Alfalfa varieties for biomass production. Task IId. Quarterly report, July 1, 1997--September 30, 1997

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The use of alfalfa for biomass production may require harvest schedules and alfalfa varieties with different traits than currently marketed varieties. A late flower (2-cut) system may have several advantages compared to more frequent cutting systems because it can result in high stem yield, result in less trips over the field, allow more schedule flexibility, provide greater wildlife habitat, and allow greater alfalfa persistence. However, modem alfalfa varieties have been developed for a frequent harvest system with 3-4 cuttings per season. The objectives of this study were to determine the total biomass yield; leaf and stem biomass yield; and leaf ... continued below

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19 p.

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Sheaffer, C.; Martin, N. & Lamb, J. October 30, 1997.

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The use of alfalfa for biomass production may require harvest schedules and alfalfa varieties with different traits than currently marketed varieties. A late flower (2-cut) system may have several advantages compared to more frequent cutting systems because it can result in high stem yield, result in less trips over the field, allow more schedule flexibility, provide greater wildlife habitat, and allow greater alfalfa persistence. However, modem alfalfa varieties have been developed for a frequent harvest system with 3-4 cuttings per season. The objectives of this study were to determine the total biomass yield; leaf and stem biomass yield; and leaf and stem composition of alfalfa varieties subject to diverse harvest regimes. Alfalfa varieties included those currently marketed in the biomass region as well as experimental entries developed for lodging resistance and leaf retention. Harvest regimes included conventional strategies based on harvests at bud or first flower and a non-conventional strategy with harvests at late flower. Harvest regime had the most consistent and greatest effect on the variables studied. Forage yields were greater for the early flower regime. Harvests at earlier maturity frequently result in leafier, higher quality forage than harvest at late flower. 3 figs., 9 tabs.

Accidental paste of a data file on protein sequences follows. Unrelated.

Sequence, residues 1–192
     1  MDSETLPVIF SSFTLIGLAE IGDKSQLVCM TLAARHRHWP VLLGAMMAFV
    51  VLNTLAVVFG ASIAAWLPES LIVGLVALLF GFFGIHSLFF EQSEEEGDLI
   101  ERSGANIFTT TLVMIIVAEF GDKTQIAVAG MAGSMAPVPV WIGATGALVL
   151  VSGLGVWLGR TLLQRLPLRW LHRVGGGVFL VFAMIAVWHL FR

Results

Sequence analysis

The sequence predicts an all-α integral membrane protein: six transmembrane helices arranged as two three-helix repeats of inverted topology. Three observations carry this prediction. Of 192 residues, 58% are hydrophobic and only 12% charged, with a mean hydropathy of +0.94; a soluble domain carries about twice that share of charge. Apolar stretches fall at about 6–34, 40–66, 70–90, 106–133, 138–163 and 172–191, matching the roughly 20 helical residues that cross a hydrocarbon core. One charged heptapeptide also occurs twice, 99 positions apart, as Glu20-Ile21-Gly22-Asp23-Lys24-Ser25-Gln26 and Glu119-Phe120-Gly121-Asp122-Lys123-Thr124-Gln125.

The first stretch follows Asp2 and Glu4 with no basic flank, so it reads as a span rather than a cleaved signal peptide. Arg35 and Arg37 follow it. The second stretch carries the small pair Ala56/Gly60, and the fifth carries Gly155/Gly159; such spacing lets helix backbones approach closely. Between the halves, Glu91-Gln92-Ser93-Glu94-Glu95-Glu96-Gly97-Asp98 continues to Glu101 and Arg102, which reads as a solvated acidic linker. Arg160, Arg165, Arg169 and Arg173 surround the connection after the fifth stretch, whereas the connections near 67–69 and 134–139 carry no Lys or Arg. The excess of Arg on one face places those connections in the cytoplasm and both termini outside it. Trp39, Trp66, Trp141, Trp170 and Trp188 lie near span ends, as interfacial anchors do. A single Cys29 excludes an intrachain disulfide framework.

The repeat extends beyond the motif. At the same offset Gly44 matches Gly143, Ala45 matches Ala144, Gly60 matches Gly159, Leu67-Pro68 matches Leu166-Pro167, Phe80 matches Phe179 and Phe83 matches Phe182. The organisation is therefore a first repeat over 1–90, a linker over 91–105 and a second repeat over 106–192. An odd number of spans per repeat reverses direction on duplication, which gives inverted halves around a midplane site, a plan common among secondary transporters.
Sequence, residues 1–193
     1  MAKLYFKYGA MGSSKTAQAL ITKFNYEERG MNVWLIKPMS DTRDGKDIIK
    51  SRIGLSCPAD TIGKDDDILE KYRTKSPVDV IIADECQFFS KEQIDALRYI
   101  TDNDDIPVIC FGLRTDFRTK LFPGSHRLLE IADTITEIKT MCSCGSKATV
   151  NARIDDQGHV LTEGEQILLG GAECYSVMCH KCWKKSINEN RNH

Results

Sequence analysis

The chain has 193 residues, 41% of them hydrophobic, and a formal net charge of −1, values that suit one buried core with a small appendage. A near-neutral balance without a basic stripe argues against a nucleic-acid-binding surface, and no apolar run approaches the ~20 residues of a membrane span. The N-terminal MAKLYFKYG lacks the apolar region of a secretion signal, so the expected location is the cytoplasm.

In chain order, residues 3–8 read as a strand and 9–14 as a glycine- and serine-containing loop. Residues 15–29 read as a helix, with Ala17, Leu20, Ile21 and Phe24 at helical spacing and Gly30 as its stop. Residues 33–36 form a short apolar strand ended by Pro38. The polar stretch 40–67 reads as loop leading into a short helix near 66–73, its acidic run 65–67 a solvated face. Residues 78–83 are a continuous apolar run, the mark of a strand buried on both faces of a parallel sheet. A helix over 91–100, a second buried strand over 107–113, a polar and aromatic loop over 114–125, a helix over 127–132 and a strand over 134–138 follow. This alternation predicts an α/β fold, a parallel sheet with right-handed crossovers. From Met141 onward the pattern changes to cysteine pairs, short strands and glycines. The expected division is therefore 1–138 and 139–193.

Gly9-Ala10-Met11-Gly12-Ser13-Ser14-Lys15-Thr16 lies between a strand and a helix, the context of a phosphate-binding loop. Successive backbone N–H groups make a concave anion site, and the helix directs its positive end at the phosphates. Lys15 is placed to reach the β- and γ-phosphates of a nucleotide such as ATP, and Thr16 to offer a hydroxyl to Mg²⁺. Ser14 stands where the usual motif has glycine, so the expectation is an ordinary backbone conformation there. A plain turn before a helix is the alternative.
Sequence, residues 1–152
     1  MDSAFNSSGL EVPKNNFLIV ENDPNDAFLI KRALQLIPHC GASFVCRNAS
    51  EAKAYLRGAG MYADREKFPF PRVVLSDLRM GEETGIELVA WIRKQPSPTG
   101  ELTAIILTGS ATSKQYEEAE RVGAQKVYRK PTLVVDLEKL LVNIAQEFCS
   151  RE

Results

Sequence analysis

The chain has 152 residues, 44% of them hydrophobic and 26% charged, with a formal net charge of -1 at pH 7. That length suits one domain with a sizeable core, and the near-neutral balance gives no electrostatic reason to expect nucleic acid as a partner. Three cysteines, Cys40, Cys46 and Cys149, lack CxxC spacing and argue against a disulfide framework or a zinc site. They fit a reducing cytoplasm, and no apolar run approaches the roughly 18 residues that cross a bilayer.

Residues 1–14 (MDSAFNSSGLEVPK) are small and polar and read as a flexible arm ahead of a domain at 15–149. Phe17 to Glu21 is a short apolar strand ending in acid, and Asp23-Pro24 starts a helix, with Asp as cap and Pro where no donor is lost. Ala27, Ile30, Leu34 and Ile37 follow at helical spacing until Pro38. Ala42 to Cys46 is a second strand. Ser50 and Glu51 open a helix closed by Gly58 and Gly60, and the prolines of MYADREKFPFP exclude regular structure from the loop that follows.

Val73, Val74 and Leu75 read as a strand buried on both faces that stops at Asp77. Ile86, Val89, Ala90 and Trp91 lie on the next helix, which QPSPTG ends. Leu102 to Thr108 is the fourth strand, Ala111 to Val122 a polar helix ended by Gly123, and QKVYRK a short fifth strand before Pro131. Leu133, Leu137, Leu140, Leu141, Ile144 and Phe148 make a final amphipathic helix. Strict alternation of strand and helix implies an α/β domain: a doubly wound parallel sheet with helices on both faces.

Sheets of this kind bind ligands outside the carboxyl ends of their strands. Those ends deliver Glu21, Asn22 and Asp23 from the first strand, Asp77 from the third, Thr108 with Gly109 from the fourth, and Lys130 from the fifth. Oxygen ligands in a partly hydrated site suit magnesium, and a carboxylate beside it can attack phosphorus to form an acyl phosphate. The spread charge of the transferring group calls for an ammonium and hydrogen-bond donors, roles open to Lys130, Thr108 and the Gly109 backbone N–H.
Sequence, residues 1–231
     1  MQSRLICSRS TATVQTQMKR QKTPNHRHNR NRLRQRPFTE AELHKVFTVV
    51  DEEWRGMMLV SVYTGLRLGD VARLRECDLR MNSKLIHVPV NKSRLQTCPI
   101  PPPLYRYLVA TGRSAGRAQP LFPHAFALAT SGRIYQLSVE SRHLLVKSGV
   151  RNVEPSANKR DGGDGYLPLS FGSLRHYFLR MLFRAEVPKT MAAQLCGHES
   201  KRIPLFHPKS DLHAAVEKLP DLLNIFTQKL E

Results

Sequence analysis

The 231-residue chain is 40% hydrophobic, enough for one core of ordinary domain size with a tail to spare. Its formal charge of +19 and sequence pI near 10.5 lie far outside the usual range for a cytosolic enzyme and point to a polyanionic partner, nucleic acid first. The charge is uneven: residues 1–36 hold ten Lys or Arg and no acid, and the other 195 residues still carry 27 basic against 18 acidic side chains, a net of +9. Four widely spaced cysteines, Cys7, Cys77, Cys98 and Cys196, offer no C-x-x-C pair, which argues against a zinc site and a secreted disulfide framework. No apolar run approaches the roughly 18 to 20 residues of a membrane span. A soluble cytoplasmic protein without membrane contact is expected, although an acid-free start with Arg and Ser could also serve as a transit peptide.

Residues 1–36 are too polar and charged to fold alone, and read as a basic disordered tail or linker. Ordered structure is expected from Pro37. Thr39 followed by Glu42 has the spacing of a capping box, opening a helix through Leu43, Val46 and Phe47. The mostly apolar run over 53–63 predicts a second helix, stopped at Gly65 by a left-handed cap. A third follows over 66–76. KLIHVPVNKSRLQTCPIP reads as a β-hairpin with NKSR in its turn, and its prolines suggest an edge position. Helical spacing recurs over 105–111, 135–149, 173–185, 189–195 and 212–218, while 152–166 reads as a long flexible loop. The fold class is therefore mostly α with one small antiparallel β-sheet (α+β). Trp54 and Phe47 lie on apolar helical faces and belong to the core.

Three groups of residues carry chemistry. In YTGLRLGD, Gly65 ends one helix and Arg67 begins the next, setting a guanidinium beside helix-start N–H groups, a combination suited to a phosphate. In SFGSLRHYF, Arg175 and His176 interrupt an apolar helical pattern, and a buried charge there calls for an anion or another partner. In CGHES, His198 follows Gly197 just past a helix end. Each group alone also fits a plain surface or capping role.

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19 p.

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OSTI as DE98005867

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  • Other Information: PBD: 30 Oct 1997

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  • Other: DE98005867
  • Report No.: DOE/GO/10147--4A-Pt.13
  • Grant Number: FC36-96GO10147
  • DOI: 10.2172/621880 | External Link
  • Office of Scientific & Technical Information Report Number: 621880
  • Archival Resource Key: ark:/67531/metadc695441

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  • October 30, 1997

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  • Aug. 14, 2015, 8:43 a.m.

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  • Nov. 12, 2015, 6:14 p.m.

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Sheaffer, C.; Martin, N. & Lamb, J. Alfalfa varieties for biomass production. Task IId. Quarterly report, July 1, 1997--September 30, 1997, report, October 30, 1997; United States. (digital.library.unt.edu/ark:/67531/metadc695441/: accessed September 24, 2017), University of North Texas Libraries, Digital Library, digital.library.unt.edu; crediting UNT Libraries Government Documents Department.